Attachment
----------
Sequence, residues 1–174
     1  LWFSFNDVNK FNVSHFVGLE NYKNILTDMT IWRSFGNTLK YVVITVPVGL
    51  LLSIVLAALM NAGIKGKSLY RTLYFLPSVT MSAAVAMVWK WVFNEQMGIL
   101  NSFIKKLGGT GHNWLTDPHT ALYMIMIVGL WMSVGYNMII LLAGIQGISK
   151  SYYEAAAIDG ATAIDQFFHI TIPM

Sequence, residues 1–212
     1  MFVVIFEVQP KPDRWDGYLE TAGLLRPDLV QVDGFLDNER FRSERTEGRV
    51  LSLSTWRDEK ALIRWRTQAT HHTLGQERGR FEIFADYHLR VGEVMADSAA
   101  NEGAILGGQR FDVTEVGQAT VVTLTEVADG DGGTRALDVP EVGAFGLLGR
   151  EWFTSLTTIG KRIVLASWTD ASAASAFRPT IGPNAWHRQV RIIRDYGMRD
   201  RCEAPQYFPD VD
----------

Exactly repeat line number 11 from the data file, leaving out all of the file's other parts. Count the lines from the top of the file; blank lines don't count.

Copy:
   201  RCEAPQYFPD VD